Introduction to Meta-Analysis
23 November 2021–25 November 2021, 9:30 am–1:00 pm
This course provides an overview of meta-analysis from a statistician's point of view, with an optional half day workshop in R.
Centre for Applied Statistics Courses
Note: Due to the coronavirus outbreak, all courses will now be delivered online through a live video feed. You can expect the same level of group and individual support as you would have received in our face-to-face courses.
Meta-analysis is "the statistical analysis of a large collection of analysis results from individual studies for the purpose of integrating the findings" (Glass, 1976)
We introduce the merits of meta-analysis and how it can form an important and informative part of a systematic review. We explain the most common statistical methods for conducting a meta-analysis and common issues that may be encountered along the way. At the end of the course, delegates should be able to conduct a meta-analysis of their own and interpret the results of meta-analyses published in journal articles.
The following topics are covered:
- An introduction to meta-analysis and its place in evidence-based research.
- Outcome measures and extracting relevant data from journal articles
- Fixed effect and random-effects models
- Heterogeneity between studies
- How to identify and deal with publication bias.
Related topics that we don't cover on this course are (1) how to conduct a systematic search of the literature, and (2) assessing the quality of studies in a meta-analysis.
A basic level of statistical literacy is required as a prerequisite. In particular, delegates should have a basic understanding of standard errors, p-values and confidence intervals. Those who have completed the five-day 'Introduction to Statistics and Research Methods' course run frequently by the Centre for Applied Statistics Courses (CASC) team will be equipped.
R supplement (optional)
In the optional half-day of the course, the theory is put in practice with the use of R (Rstudio) and real-world datasets. A basic knowledge of R programming is recommended as a prerequisite (taught on our course - 'Introduction to R'). If you are not sure whether you have sufficient knowledge in R, please take our short test in the separate tab titled 'Prerequisite test for R workshop'.
External Delegates (Non-UCL)
£150.00 (£225 inc. R supplement)
UCL Staff, Students, Alumni
£75.00* (£112.50 inc. R supplement)
Staff and Doctoral Students from ICH/GOSH
* Valid UCL email address and/or UCL alumni number required upon registration. Please note, this category does not include hospital staff unless you hold an official contract with the university.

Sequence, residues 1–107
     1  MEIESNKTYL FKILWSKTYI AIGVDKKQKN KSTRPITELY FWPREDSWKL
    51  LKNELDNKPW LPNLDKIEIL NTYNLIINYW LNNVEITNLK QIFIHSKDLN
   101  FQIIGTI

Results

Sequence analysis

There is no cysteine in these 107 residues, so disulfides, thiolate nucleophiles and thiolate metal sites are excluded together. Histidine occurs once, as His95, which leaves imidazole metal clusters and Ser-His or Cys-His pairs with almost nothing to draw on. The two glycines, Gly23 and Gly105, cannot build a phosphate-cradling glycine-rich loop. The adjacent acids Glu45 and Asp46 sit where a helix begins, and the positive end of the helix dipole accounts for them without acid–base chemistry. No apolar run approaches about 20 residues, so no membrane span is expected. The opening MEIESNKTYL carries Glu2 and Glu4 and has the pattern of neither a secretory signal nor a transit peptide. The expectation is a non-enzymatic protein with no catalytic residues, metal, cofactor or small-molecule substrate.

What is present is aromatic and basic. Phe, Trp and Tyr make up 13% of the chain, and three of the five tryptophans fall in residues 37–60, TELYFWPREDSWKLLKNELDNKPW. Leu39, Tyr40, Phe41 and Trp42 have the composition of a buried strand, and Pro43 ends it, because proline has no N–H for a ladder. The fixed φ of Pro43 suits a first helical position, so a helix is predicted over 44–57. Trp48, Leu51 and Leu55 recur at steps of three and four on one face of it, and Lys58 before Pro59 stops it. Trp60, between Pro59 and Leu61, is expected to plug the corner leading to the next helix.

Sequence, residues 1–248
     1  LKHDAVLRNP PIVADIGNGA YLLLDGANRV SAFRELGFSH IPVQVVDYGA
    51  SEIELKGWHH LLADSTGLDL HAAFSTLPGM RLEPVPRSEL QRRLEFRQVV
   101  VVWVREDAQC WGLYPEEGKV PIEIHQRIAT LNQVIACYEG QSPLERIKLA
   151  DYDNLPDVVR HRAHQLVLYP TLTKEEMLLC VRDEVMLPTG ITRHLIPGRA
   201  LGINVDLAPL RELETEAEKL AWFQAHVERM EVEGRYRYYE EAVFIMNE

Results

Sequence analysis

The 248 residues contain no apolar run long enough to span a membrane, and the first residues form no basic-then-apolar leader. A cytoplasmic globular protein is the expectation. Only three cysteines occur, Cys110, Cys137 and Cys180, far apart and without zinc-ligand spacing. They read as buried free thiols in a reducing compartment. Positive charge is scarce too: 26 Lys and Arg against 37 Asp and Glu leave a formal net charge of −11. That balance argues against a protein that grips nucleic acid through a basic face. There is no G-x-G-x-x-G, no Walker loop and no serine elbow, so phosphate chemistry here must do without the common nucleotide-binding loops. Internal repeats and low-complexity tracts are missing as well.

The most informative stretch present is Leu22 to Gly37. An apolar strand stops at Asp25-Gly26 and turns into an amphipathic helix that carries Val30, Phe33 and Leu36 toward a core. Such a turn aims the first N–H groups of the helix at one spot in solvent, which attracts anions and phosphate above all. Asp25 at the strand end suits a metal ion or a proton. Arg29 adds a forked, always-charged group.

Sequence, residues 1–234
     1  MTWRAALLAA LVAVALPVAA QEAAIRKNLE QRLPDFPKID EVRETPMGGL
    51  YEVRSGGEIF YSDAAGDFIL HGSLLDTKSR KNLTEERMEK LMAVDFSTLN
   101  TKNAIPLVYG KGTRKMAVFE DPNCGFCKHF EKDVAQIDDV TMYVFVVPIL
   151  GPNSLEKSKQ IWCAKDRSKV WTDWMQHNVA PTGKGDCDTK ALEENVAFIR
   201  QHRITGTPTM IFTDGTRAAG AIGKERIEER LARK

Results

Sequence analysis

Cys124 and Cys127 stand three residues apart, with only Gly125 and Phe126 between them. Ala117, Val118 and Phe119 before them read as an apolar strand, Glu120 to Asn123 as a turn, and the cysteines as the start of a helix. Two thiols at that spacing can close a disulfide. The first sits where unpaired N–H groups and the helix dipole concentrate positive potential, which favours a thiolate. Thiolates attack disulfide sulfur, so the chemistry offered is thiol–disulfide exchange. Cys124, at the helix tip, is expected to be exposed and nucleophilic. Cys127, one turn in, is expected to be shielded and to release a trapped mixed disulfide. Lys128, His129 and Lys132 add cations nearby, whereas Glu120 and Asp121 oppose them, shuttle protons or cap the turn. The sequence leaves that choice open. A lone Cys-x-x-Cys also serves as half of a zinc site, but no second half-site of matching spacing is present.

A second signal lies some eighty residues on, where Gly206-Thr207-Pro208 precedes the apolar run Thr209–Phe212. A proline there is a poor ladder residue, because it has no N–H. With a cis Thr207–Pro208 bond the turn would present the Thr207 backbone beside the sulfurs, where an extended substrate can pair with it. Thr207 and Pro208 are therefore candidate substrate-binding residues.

† Limited free spaces available. If there are no free places remaining, Staff and Doctoral Students from ICH/GOSH can still register at the UCL rate.
Cancellations: Cancellation Policy
- Future Dates
Dates Time Apply
9.30am - 1.00pm^ Fully booked
^We recommend logging in 10 minutes prior to the scheduled start time to access materials and ensure the course can start promptly.
"I really enjoyed this course. I didn't know exactly what to expect but it will be very useful to me. I learnt a lot. Thanks!"
"This was an excellent course, thank you very much."
"Really relevant course, well put together and delivered."
"I found the interactive calculations reinforced the learning well."
"Good course, if there is more interesting courses that can help my PhD, I will definitely attend"
"This was a fantastic introductory course. The content was well thought out and explained very clearly. Also the best explanation of random effects models I've heard so far! Thanks for your hard work Dean"
"I found all the interactions with your institution, since of the beginning very oriented to my needs and giving support. Congratulations!"
- Prerequisite test for R workshop
To participate in the optional R workshop that takes place on the second day, we expect you to have enough experience in R to complete the following exercise.
First, click here to download the dataset we will use for this exercise and save it on your computer. The dataset is stored in an Excel file format (.csv).
Read in the dataset using the function called read.csv.
Using R, find how many rows and columns are in the dataset (using any code/method you prefer).
Calculate the mean of the variable called Start.IgM (hint: use the function called mean).
Create a new variable in the same dataset of the differences between Start.IgM and Stim.2.IgM.
Note: If you are not familiar with the functions read.csv and/or mean, you can view the help files by running the R code help(read.csv) or help(mean)